“Yes. There is something about the man. I think we will know for once and all. This is the last stop. Then we stop trying.”
He didn’t know that before he spoke. That act of speaking persuaded him to make his mind, his own voice that seemed distant did reasoning for him. No more, this was last. She looked up at him, her eyes welling up, she buried her face against his shoulders.
The rickshaw hurtles through the wide road on the northern corner of town. A newly expanded area and you can still see the sharp edges of gravel and tar on the side of road. There are few houses around, sure to change in a year, this city is fattening up. Undisturbed by pedestrians or stupidly maneuvering tin cans of town, the man enjoys the wind against his face. Beneath his feet the old metal and wood contraption is gliding, no burden under its bamboo shed. In the great straight road, there’s a single and subtle bend that takes you around dense bamboo bush keeping to your left. Keeping on the bend, bushes hastily retreat to give way to a small fork on a stream that goes under the road. It’s hard to notice, and most people usually don’t. High yellowing grass.
A small corner just off the road and by the stream, full of coals that never looked more than a few hours old. They never were. It could be mistaken as a ghat, a place of pyres if not for the fact that no one on that lonely road had ever seen a lit pyre there. It was because they only went through that road during day. It was no secret that the ghat by bend lit brightly every night. People didn’t know about it, but it was no secret.
For the rickshaw man, whose work and riders took him to every corner in the city, from European mansions of the blood rich to disgusting sacks he dragged drunk customers home to, this place was not unfamiliar.
Tonight, as he hurtles towards hills at the end of the road where a two beams tall mud house with a cowshed lies. His wife used to work in the city, when they first came here. That was years ago and now she lived at home, taking care of their six children, two goats and a horde of angry chickens. Kids were expensive, he wished someone had told him that. Not like his days, he had nine other siblings and his parents did fine.
The bonfire didn’t surprise him. What did was loud wailing coming from a figure by the ground near the burning pyre. He didn’t notice, the pyre seemed a bit different today, a bit bigger lacking a bit browner and darker shade of death. The fire was huge still there was a hunger for more wood.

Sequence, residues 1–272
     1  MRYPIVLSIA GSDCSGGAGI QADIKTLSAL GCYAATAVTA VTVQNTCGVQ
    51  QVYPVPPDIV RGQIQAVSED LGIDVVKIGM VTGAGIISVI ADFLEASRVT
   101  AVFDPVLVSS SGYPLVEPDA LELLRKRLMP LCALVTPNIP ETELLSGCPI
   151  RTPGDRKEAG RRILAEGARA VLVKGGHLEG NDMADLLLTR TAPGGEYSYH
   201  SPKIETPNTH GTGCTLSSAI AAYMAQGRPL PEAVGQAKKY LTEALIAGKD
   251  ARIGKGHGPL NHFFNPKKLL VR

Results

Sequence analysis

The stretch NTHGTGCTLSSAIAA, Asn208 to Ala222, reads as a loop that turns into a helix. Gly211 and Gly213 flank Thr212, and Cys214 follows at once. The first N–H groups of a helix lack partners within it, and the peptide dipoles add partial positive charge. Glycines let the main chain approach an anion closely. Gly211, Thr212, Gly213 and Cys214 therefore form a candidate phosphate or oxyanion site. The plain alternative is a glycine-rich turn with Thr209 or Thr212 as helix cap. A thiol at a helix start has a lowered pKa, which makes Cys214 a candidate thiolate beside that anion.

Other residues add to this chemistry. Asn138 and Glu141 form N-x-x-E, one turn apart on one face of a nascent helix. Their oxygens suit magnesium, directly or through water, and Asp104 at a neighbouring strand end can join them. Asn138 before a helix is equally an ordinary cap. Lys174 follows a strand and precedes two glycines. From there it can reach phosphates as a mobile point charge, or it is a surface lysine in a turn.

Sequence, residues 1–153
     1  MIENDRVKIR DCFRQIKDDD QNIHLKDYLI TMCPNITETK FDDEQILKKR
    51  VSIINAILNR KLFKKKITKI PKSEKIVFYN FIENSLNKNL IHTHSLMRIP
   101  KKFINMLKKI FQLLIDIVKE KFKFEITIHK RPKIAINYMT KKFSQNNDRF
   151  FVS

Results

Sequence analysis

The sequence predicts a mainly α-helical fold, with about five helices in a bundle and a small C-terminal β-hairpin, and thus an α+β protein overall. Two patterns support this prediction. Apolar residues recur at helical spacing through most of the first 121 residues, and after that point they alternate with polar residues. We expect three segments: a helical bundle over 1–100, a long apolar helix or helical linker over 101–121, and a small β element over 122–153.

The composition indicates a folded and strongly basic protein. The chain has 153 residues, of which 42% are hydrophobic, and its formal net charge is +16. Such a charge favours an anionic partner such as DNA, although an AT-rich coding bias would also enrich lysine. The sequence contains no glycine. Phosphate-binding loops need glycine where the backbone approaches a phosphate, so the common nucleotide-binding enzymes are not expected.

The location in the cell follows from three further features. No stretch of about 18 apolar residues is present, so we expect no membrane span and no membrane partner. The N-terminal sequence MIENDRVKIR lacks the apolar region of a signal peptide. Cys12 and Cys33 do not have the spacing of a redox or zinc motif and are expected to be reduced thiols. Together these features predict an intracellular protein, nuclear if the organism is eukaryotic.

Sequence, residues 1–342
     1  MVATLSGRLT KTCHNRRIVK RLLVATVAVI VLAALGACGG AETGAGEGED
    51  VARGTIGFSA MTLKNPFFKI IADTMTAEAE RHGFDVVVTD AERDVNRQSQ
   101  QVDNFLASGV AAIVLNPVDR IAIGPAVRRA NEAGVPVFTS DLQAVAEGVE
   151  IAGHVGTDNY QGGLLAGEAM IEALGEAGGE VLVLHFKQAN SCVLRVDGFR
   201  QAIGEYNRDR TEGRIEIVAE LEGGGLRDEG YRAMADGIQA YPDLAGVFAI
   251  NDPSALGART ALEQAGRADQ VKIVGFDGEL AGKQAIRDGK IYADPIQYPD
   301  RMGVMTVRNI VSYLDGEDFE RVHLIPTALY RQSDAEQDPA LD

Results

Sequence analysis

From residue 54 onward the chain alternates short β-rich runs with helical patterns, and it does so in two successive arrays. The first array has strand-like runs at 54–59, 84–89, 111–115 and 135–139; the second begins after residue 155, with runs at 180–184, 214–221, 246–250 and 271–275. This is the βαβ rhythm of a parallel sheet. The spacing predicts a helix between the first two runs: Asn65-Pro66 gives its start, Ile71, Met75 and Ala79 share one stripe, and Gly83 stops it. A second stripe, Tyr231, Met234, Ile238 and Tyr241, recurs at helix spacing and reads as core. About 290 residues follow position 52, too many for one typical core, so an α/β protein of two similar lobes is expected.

He slowed. He had stopped by here before and had talked with the creepy priest handful of times. When his eyes got used to the glare of the pyre he could make out a woman lying on the ground. She had that familiar swooning fit that only comes with death of love. He was focusing much on the woman, the man took him by surprise.
He has a familiar look. He raised his hand showing, reflecting white palms of his hand seeing a startled look on his face.
“Sorry to surprise you like that, friend.”
The rickshaw driver said nothing, he looked around, sweeping his gaze from man to pyre and woman and back to man. No priest present and there are usually no visitors in this ghat. The people they burn here don’t have visitors. The rickshaw man dismissed his slight unease, he had nothing on him after all.
When the man didn’t reply to his greeting, the stranger ventured, “Not a good hour for conversation, eh? Do you drive this route often?” He pointed to the Rickshaw.
“I live at the end of the highway over there.”
“Well that’s a long way to go, isn’t it? Please take some of this offering with you. It was my father-in-law’s funeral today.”
It was an unusual place and time for a cremation, but the rickshaw man didn’t feel right to comment. You don’t refuse food at a funeral; the dead eat what you eat.
“I thank you. Sacred things are always welcome. Where is the priest and everyone?”
The stranger invited him towards the pyre with a gesture while he answered, “Oh you know the priests nowadays, interested only in coins in the offering, not even the grain. Read a half-assed hymn and excused himself with something about another funeral and slipped out. We are strangers to this city, …my father-in-law suffered an accident while we were here.”
The men stood a respectful distance from the burning pyre. The woman was a bit silent now, her throat raw lungs empty of any air. He looked intently at her with pity. To lose your father in a city…..
He barely saw the khukri coming towards him from left with a blurry vision, but it was too late then. Although he could feel the gush and wetness all round his left side, he didn’t feel any pain while the stranger grabbed him by his waistcoat, on his blind and dead side and dragged-threw him into the fire, back first.
Surely the stranger didn’t mean it this way, but the rickshaw man was conscious; a few moments away from the birth of pain in his mind, facing two burning figures in front. The stranger’s eyes were wide, afraid, yellow and horrified. He could look them both in their eyes while he died. He knew who she was crying for.